[personal profile] mjg59
Since there are probably going to be some questions about this in the near future:

The UEFI secure boot protocol is part of recent UEFI specification releases. It permits one or more signing keys to be installed into a system firmware. Once enabled, secure boot prevents executables or drivers from being loaded unless they're signed by one of these keys. Another set of keys (Pkek) permits communication between an OS and the firmware. An OS with a Pkek matching that installed in the firmware may add additional keys to the whitelist. Alternatively, it may add keys to a blacklist. Binaries signed with a blacklisted key will not load.

There is no centralised signing authority for these UEFI keys. If a vendor key is installed on a machine, the only way to get code signed with that key is to get the vendor to perform the signing. A machine may have several keys installed, but if you are unable to get any of them to sign your binary then it won't be installable.

This impacts both software and hardware vendors. An OS vendor cannot boot their software on a system unless it's signed with a key that's included in the system firmware. A hardware vendor cannot run their hardware inside the EFI environment unless their drivers are signed with a key that's included in the system firmware. If you install a new graphics card that either has unsigned drivers, or drivers that are signed with a key that's not in your system firmware, you'll get no graphics support in the firmware.

Microsoft requires that machines conforming to the Windows 8 logo program and running a client version of Windows 8 ship with secure boot enabled. The two alternatives here are for Windows to be signed with a Microsoft key and for the public part of that key to be included with all systems, or alternatively for each OEM to include their own key and sign the pre-installed versions of Windows. The second approach would make it impossible to run boxed copies of Windows on Windows logo hardware, and also impossible to install new versions of Windows unless your OEM provided a new signed copy. The former seems more likely.

A system that ships with only OEM and Microsoft keys will not boot a generic copy of Linux.

Now, obviously, we could provide signed versions of Linux. This poses several problems. Firstly, we'd need a non-GPL bootloader. Grub 2 is released under the GPLv3, which explicitly requires that we provide the signing keys. Grub is under GPLv2 which lacks the explicit requirement for keys, but it could be argued that the requirement for the scripts used to control compilation includes that. It's a grey area, and exploiting it would be a pretty good show of bad faith. Secondly, in the near future the design of the kernel will mean that the kernel itself is part of the bootloader. This means that kernels will also have to be signed. Making it impossible for users or developers to build their own kernels is not practical. Finally, if we self-sign, it's still necessary to get our keys included by ever OEM.

There's no indication that Microsoft will prevent vendors from providing firmware support for disabling this feature and running unsigned code. However, experience indicates that many firmware vendors and OEMs are interested in providing only the minimum of firmware functionality required for their market. It's almost certainly the case that some systems will ship with the option of disabling this. Equally, it's almost certainly the case that some systems won't.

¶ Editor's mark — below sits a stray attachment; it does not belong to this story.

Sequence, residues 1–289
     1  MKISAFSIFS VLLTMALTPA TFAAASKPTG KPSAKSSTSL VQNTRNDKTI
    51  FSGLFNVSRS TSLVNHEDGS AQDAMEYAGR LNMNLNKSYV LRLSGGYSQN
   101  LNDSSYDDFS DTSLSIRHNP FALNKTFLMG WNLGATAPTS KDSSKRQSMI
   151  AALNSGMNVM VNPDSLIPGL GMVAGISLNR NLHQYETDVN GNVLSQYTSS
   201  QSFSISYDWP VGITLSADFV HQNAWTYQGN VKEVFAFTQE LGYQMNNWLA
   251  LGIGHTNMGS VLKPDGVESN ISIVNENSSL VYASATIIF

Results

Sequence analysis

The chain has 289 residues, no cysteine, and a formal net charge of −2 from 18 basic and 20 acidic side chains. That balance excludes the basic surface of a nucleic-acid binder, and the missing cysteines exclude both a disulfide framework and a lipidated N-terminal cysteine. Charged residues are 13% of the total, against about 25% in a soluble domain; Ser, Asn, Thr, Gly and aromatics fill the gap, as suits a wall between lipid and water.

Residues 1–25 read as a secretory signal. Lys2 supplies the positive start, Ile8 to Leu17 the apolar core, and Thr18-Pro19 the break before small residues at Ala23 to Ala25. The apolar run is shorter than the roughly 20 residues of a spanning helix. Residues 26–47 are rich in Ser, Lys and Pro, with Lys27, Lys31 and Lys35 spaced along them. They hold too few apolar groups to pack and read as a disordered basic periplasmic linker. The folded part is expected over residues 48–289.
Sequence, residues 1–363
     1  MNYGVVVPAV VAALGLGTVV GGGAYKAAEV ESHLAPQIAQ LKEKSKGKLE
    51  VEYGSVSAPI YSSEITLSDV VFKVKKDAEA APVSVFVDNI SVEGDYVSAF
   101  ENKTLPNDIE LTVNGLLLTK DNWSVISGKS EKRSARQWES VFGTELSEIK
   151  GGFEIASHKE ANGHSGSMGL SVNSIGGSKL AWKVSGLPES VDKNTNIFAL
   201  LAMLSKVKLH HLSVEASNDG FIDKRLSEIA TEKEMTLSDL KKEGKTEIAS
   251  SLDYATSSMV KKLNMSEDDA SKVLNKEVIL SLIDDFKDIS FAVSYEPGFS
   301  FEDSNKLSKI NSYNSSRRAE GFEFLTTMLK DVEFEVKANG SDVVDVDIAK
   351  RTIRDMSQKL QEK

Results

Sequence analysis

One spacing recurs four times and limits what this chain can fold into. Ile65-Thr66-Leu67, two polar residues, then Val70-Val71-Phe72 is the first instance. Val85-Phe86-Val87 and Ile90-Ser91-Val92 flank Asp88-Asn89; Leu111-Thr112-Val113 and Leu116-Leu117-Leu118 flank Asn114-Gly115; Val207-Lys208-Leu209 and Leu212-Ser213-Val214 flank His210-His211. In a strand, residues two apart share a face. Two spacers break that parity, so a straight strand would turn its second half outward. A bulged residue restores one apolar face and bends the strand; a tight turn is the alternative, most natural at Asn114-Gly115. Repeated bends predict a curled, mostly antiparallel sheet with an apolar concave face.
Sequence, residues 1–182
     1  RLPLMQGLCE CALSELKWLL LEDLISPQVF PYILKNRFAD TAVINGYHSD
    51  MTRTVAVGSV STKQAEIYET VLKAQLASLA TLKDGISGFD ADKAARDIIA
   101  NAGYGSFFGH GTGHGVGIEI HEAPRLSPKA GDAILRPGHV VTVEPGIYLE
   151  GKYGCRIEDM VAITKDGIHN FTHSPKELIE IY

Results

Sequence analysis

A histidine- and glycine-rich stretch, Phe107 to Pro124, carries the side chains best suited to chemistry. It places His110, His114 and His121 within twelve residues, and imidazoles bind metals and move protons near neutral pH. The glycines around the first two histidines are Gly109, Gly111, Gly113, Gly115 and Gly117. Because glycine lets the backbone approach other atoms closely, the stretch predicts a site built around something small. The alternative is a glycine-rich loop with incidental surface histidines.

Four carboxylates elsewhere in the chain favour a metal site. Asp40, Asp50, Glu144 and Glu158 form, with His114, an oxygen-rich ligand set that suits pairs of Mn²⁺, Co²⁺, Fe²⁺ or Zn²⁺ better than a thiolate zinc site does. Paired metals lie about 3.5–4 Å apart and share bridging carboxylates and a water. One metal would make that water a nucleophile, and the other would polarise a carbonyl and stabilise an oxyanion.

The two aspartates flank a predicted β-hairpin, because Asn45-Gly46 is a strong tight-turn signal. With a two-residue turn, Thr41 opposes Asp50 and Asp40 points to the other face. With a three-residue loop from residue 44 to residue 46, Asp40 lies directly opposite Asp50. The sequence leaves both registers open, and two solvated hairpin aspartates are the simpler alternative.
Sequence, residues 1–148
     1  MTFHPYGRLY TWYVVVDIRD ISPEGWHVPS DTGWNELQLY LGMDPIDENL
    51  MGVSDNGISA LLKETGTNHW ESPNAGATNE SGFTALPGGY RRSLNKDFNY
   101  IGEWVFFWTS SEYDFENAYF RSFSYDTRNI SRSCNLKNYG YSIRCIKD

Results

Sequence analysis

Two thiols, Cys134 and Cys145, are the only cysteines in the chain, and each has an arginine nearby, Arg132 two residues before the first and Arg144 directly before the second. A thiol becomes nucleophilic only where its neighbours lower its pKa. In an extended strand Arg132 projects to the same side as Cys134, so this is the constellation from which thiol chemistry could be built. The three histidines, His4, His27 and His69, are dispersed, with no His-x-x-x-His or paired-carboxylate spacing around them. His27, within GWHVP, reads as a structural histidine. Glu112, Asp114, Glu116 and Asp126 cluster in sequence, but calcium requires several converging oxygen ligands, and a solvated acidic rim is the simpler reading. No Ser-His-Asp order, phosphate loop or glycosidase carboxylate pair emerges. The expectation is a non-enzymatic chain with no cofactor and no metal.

It's probably not worth panicking yet. But it is worth being concerned.
From: (Anonymous)
"... it may actually be more productive to buy Windows laptops and then return them if/when you find that they don't meet your requirements--because processing returns actually costs the vendor something."

Most OEM's already charge you a re-stocking fee if you return a computer.
From: (Anonymous)
Make it clear in the order that you expect linux support, if it arrives without it, it's false advertising. A good credit card will void the restock fee AND yell at the seller for it.
From: [identity profile] http://identi.ca/rozzin
"Most OEM's already charge you a re-stocking fee if you return a computer."

It looks like some big vendors, like Best Buy, don't. Coincidentally, these big vendors are also the ones with the most power to affect manufacturers.

I don't know whether Best Buy eats the cost of returns, or if they use whatever clout they have to make the OEMs eat the cost. It probably doesn't matter though, does it? If Best Buy bears the cost of a certain brand being returned more often, then Best Buy has an incentive to replace that brand with one with a better return-rate--and the OEM has an incentive to fix their problems so that Best Buy doesn't stop stocking/selling them. If Best Buy gets the OEMs to eat the cost of returns, then the OEMs have a more direct incentive to figure out how to reduce their return-rates. Best Buy apparently gathers data on why people return things, also.

So..., other reasons why return-rates shouldn't be expected to influence the market?


Matthew Garrett

About Matthew

Power management, mobile and firmware developer on Linux. Security developer at Nebula. Member of the Linux Foundation Technical Advisory Board. Ex-biologist. @mjg59 on Twitter. Content here should not be interpreted as the opinion of my employer.

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